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5.16.2005

Arab Export

The combined exports of the entire Arab states in 2004 amounted to $379 billion, slightly more than the exports of the Netherlands ($359 billion), and more than three-quarters of Arab exports were oil. Those figures from the World Trade Organization (WTO) indicate that the countries occupying a broad swath of the earth from the Atlantic to the Indian oceans accounted for a paltry 4 percent of world exports.

1 Comments:

At 6:33 PM, Blogger joŇ°ko said...

By the way, I'm reminded of an old pre-Drink-Tank gmail I wrote:

i bring to our attention a UN report that came out in the
summer of 2002, written by a few educated arabs. this report was a
strong polemic against the squalid festering bog that is the arab
world. a few startling statistics:
all the arab countries, spanning about 400M people across many many
timezones (algeria, bahrein, chad, comoro islands, djibouti, iraq,
jordan, kuwait, lebanon, libya, mauritania, morocco, oman, qatar,
saudi arabia, somalia, sudan, syria, tunisia, UAE, yemen), translate
fewer books into arabic in any given year than greece does into greek
(population 10M).

furthermore, in the past 1000 YEARS,
the arab world has translated fewer books into arabic than spain does
into spanish EVERY YEAR.

some other things from the report:
"
The number of scientists and engineers per capita is a third of the
world average.
The number of computers per capita is a quarter of the global average.
The number of newspapers published per capita is a fifth of that of
developed countries, and the little news that is disseminated is
controlled and restricted.
"

one critic of the report says these statistics exist because:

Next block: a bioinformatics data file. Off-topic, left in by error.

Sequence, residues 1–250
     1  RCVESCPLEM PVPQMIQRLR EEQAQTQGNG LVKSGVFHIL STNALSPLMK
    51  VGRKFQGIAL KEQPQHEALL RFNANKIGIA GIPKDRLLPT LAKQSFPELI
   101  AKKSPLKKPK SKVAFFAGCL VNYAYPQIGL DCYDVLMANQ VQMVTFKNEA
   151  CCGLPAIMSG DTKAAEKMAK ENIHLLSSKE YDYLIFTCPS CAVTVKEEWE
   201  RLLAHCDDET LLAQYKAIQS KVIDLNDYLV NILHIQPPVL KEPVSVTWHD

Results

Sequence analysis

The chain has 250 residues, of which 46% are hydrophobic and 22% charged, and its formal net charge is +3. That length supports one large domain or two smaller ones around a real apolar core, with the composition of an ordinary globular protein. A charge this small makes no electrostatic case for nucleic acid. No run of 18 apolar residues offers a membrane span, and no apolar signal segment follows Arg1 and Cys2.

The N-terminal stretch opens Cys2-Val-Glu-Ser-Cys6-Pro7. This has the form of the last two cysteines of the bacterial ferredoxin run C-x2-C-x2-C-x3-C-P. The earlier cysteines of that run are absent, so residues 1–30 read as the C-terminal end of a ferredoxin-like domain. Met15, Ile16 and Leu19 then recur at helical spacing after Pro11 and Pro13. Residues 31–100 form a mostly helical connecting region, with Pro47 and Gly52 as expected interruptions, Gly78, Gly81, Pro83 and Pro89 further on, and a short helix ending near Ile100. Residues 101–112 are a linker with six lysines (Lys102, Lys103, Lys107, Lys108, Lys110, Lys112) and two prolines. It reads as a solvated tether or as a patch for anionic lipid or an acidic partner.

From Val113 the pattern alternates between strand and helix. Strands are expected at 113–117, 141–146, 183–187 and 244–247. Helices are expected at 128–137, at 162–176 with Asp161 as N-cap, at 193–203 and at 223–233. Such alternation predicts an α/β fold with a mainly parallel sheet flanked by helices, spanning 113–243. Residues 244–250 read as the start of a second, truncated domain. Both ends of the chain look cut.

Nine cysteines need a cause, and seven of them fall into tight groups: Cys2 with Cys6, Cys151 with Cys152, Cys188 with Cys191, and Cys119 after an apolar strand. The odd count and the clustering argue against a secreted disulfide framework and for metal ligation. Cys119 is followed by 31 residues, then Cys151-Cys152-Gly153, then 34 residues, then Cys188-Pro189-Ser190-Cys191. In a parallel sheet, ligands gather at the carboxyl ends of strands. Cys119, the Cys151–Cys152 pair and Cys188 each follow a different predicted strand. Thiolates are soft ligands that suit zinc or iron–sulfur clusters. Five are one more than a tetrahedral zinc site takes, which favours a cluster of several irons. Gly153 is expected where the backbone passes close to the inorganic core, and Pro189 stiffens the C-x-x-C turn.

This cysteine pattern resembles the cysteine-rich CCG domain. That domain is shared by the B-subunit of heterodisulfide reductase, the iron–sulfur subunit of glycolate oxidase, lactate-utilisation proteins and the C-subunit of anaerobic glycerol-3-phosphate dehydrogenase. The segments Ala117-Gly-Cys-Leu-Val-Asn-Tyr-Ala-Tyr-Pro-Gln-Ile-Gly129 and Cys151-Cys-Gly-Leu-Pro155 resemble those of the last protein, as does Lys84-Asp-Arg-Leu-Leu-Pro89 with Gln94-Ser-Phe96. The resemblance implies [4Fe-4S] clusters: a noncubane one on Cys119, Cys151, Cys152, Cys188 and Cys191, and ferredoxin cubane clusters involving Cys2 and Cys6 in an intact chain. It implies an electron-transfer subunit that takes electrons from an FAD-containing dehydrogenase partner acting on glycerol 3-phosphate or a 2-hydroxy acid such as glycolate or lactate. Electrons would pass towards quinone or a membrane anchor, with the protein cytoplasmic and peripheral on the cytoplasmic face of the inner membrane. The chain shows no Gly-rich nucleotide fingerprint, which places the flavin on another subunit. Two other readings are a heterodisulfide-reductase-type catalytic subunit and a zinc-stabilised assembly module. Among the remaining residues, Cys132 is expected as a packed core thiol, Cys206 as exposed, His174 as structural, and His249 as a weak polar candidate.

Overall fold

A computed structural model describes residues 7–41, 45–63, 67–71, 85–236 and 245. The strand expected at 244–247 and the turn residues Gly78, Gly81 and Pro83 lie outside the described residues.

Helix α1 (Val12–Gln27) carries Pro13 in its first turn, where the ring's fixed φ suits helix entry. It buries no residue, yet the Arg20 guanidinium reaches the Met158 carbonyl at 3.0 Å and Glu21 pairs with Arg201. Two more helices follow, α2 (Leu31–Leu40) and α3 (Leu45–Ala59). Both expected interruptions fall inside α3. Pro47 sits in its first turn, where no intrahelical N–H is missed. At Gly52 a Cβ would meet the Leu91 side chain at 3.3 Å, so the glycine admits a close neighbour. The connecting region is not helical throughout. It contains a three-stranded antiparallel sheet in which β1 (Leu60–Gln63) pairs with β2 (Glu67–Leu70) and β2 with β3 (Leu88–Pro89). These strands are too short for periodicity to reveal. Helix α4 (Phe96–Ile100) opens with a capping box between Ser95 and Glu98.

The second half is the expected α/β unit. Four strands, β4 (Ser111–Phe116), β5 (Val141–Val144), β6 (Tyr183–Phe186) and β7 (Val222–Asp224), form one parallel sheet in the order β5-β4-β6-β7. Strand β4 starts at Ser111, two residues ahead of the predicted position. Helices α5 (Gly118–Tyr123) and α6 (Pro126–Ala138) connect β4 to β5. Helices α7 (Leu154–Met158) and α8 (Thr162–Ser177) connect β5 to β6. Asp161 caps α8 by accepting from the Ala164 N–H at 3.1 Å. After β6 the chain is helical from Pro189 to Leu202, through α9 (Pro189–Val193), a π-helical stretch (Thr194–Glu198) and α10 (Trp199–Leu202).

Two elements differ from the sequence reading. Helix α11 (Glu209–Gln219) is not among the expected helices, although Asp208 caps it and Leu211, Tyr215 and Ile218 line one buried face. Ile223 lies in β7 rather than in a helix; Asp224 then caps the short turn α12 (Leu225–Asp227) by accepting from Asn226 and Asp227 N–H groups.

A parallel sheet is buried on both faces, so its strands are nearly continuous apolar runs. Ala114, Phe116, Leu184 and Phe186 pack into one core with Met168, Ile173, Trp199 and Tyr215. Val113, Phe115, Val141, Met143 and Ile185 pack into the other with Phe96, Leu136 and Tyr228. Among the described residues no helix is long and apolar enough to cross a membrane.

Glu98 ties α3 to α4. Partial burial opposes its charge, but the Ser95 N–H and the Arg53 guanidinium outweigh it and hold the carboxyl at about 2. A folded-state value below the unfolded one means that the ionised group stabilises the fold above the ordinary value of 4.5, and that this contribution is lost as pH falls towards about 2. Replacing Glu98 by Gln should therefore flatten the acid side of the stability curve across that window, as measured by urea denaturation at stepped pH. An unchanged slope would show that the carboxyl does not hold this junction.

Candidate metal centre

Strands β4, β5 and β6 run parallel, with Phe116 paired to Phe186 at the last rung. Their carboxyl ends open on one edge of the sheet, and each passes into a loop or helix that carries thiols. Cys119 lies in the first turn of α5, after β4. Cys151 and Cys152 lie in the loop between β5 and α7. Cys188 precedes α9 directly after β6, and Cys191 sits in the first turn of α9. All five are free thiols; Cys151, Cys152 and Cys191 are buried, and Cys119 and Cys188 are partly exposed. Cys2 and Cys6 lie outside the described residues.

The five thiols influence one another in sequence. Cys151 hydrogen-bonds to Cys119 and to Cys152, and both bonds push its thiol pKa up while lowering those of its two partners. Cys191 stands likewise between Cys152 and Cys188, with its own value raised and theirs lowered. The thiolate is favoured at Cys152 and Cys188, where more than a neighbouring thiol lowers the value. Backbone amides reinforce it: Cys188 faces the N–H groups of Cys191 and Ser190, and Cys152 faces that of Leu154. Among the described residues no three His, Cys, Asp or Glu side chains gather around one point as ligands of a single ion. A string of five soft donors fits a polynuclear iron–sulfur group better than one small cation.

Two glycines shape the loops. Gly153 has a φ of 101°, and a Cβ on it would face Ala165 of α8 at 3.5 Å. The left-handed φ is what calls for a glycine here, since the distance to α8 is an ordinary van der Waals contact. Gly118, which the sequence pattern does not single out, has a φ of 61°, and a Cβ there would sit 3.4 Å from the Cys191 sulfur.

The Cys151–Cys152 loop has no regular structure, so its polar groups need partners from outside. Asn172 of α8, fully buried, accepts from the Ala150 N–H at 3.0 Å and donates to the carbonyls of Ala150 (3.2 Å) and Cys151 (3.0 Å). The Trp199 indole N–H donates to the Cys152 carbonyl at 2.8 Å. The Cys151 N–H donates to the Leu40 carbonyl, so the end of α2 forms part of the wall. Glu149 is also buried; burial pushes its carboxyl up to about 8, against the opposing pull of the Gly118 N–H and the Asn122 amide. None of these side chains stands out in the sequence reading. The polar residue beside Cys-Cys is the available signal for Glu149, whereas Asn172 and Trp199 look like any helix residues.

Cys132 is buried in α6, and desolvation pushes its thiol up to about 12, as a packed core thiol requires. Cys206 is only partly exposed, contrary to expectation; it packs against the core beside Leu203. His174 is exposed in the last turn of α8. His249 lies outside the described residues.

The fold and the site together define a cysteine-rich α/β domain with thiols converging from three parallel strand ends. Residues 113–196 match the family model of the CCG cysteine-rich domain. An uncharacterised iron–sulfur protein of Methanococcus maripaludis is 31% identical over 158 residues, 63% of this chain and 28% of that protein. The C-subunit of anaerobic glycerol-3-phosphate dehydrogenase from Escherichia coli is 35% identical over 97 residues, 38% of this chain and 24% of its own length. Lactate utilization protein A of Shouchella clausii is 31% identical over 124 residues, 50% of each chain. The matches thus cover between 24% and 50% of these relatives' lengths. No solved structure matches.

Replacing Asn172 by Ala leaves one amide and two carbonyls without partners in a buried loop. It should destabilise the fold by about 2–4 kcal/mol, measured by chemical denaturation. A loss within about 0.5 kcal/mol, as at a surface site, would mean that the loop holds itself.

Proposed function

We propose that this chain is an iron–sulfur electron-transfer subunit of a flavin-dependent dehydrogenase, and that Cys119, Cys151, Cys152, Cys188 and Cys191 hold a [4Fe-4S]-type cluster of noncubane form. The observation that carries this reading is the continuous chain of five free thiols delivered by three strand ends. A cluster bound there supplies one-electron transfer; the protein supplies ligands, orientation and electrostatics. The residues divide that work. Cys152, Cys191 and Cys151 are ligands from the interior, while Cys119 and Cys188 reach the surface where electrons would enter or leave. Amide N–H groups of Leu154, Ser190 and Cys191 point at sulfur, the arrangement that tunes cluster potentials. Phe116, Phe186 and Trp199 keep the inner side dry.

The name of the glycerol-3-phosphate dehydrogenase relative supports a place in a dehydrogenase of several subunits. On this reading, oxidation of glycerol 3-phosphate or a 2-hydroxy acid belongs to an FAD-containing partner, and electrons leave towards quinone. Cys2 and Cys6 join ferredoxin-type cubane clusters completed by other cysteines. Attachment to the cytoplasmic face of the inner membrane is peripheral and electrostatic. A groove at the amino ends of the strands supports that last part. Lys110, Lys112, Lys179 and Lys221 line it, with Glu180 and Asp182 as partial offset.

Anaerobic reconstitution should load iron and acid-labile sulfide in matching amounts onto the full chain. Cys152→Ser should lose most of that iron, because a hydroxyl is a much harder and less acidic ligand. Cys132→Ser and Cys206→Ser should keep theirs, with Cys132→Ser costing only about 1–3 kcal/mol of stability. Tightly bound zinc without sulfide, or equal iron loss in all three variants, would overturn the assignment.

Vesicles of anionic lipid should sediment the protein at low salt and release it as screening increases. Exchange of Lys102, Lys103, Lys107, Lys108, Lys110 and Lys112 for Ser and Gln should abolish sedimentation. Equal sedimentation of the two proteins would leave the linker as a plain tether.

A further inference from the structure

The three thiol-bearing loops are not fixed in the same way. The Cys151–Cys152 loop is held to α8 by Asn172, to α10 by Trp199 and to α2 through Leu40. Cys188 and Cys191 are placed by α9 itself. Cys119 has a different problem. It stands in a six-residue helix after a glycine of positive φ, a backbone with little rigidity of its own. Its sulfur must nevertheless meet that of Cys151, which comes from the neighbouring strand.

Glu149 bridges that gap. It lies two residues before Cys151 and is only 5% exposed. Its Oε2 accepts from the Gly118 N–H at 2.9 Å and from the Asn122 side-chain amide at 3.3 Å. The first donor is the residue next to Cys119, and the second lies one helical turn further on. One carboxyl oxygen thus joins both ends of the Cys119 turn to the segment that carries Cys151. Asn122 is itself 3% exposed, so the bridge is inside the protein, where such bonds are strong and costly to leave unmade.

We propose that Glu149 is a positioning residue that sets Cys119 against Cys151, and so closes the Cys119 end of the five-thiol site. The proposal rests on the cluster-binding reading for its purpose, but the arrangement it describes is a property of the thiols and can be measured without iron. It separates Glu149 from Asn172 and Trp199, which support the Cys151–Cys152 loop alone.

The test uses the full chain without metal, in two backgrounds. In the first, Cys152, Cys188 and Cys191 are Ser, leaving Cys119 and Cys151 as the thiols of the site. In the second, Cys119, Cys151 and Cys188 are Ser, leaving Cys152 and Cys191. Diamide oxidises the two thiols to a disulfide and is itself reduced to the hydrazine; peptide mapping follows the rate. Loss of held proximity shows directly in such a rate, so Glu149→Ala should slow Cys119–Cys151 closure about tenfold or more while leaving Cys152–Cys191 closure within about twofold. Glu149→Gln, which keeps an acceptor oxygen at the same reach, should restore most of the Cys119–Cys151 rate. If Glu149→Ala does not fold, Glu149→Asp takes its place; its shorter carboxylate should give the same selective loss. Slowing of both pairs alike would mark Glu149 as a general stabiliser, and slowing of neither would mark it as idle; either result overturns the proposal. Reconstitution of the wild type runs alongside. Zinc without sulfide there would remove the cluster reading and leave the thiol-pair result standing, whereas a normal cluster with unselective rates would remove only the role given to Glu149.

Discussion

"Islam, rather than knowledge, is currently fervently held to be the 'organizing principle' in all the aspects of human activity mentioned.
Implicit but unstated in this aspiration is the need, at least in part, to replace Islam with knowledge. The authors are no doubt unwilling or unable to state such a message explicitly for fear of adopting a position that may be said to be 'anti-Islam.' Rather, they suggest that the quest for knowledge is compatible with Islam and can no doubt refer to a Qur'anic text for apparent support in this.

Here lies the problem. Inherent in the quest for knowledge, in the
scientific method itself, is the expression of doubt. But in Islam
doubt is forbidden. That this is the real beginning of the problem can
be seen in the authors' treatment of the education system, which like
other aspects of socialization falls 'short of the epistemological and
social environment necessary for knowledge production.' The major
reason for this, unstated by the authors, is that religious and
Qur'anic studies form a significant and compulsory part of primary and
secondary education in all Arab countries, including the so-called
secular ones. This is the major cause of what the report describes as children's 'passive attitudes' and 'hesitant decision making skills,'impairing children's thinking skills by 'suppressing questioning,exploration and initiative."

 

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